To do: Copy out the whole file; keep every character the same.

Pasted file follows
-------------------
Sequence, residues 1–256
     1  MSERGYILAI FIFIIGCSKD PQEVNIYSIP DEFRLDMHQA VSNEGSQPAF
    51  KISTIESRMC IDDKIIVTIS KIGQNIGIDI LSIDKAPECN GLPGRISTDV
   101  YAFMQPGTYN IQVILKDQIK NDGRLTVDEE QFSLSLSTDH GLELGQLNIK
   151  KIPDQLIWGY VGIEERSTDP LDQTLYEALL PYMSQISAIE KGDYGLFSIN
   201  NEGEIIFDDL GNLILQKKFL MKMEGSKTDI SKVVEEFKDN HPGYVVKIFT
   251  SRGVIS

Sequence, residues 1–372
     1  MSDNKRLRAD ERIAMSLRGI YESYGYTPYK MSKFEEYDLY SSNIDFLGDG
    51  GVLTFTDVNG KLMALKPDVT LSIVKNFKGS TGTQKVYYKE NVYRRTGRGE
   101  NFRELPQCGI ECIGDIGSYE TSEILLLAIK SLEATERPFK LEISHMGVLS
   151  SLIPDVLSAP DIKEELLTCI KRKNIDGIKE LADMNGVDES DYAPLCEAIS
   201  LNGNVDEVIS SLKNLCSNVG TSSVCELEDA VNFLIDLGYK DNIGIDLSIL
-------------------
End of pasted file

Sequence, residues 1–256
     1  MSERGYILAI FIFIIGCSKD PQEVNIYSIP DEFRLDMHQA VSNEGSQPAF
    51  KISTIESRMC IDDKIIVTIS KIGQNIGIDI LSIDKAPECN GLPGRISTDV
   101  YAFMQPGTYN IQVILKDQIK NDGRLTVDEE QFSLSLSTDH GLELGQLNIK
   151  KIPDQLIWGY VGIEERSTDP LDQTLYEALL PYMSQISAIE KGDYGLFSIN
   201  NEGEIIFDDL GNLILQKKFL MKMEGSKTDI SKVVEEFKDN HPGYVVKIFT
   251  SRGVIS

Sequence, residues 1–372
     1  MSDNKRLRAD ERIAMSLRGI YESYGYTPYK MSKFEEYDLY SSNIDFLGDG
    51  GVLTFTDVNG KLMALKPDVT LSIVKNFKGS TGTQKVYYKE NVYRRTGRGE
   101  NFRELPQCGI ECIGDIGSYE TSEILLLAIK SLEATERPFK LEISHMGVLS
   151  SLIPDVLSAP DIKEELLTCI KRKNIDGIKE LADMNGVDES DYAPLCEAIS
   201  LNGNVDEVIS SLKNLCSNVG TSSVCELEDA VNFLIDLGYK DNIGIDLSIL